Perhaps saving best for last, damn Debbie’s death is right out of a f*cking FLY movie. Sheezus. Just when you thought this gal’s voluminously coiffed hairdo wasn’t unbecoming enough, old foul Freddy turns her into one giant cockroach before snapping her elbows, melting her face off and reducing her to a viscid mound of insectile viscera. Shite’s so gnarly, and easily the most durable death-dream in all of THE DREAM MASTER. It even eclipses the church-fight finale, in which Alice defeats Freddy Krueger and frees her friends’ eternally damned souls from being trapped inside his body. It too kicks all kinds of ass, but in terms of sheer horror, Debbie’s death takes the maggot-ridden cake!

And not for nothing, but for all the 80s horror flicks whose soundtracks we’ve amusingly lambasted, it’s time to do the opposite and laud THE DREAM MASTER’s kickass 80s soundtrack. We’re talking Blondie, Billy Idol, Dramarama, Sinead O’Connor and of course, who can forget the legendary Fat Boys – the chubbier and grubbier RUN DMC – spitting that heat in “Are You Ready For Freddy?” Okay, that last one, including the ridiculous music video, is more of a gimmicky ancillary shoehorn, but the songs played during the actual film are pretty damn legit. If you pay attention to the titles of the songs (“Nightmare,” “Don’t Be afraid of Your Dreams,” “Fatal Charm,” “In the Flesh” etc.) you can see how much fun Harlin was having with thematic tie-ins to the subject matter.

To that end, there are a number of additional tie-ins and tidbits I always dug about THE DREAM MASTER. For instance, the diner Alice works in is called Crave Inn (an overt nod to Wes Craven). Another includes New Line head Bob Shaye playing a teacher in one scene, a la his wife Lin Shaye doing similar in the original ELM STREET flick. Hell, there’s even a poster in Kincaid’s room for Craven’s THE HILLS HAVE EYES, as is a magazine in Kristen’s room with Johnny Depp on the cover. The connections are endless, some subtle, some right in plain sight. Renny Harlin appears as an extra in the classroom, and a poster for his previous film PRISON can be seen at the movie theater. These small details help keep the movie remain as fun a watch as it was back in the summer of ’88!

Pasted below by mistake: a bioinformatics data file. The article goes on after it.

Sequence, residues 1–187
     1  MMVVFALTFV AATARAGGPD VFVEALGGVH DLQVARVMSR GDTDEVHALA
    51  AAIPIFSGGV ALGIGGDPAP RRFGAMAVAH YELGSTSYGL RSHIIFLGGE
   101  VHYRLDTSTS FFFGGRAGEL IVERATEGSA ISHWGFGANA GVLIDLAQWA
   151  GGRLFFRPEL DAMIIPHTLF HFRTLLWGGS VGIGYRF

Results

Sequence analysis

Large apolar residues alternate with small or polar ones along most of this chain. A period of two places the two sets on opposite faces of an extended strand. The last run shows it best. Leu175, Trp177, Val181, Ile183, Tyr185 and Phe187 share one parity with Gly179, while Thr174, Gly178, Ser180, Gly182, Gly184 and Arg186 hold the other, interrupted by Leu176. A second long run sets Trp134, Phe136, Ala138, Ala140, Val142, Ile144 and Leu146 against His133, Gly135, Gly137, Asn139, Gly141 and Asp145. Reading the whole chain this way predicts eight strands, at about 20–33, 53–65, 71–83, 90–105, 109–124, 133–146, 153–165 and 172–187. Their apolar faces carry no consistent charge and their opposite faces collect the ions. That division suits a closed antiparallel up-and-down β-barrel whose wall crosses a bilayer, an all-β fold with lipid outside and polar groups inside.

WHAT BLOWS NOW: He may been spitting that fire back in ’88, but nah, there’s no way in Krueger’s flame-roasted hell we can let him off the hook for those nursery-time-cursory-rhyme shite he was letting off in the Fat Boys video. Straight up, Tom Hanks in the DRAGNET rap video is still laughing at that weak ass verse. Freddy needs to step his rap game up. Even within the film, lines like “no pain, no gain” and “how sweet, fresh meat” ain’t cutting it. Now, Nick spouting “Swish, you killed the fish.” That I can work with (I loved that line so much when I was like 8 or 9). More seriously, the one sequence I always thought threatened to make THE DREAM MASTER almost too campy is the dumb beach sequence. Thankfully it was reduced greatly from the originally shot footage, where Freddy’s shadow was to give Kristen third degree burns. As it is, Freddy rocking those shades and kicking Kristen’s head under the sand are simply too silly to condone. It was in ’88, and damn sure double today!

THE VERDICT: The verdict? You serious? F*ck you right out of here if you think A NIGHTMARE ON ELM STREET 4: THE DREAM MASTER has lost its luster of the past three decades. It hasn’t, and in effect, has solidified itself as one of the upper-echelon franchise sequels, perhaps coming in only behind DREAM WARRIORS. Renny Harlin’s dynamic energy and kinetic pacing and well established tonality of surreal-dream-logic, in conjunction with a handful of kickass death-dreams and a radical 80s soundtrack, very little is left unloved about THE DREAM MASTER.



Extra Tidbit: Tibor Takacs (THE GATE) was offered to direct THE DREAM MASTER before Renny Harlin got the job.
Source: AITH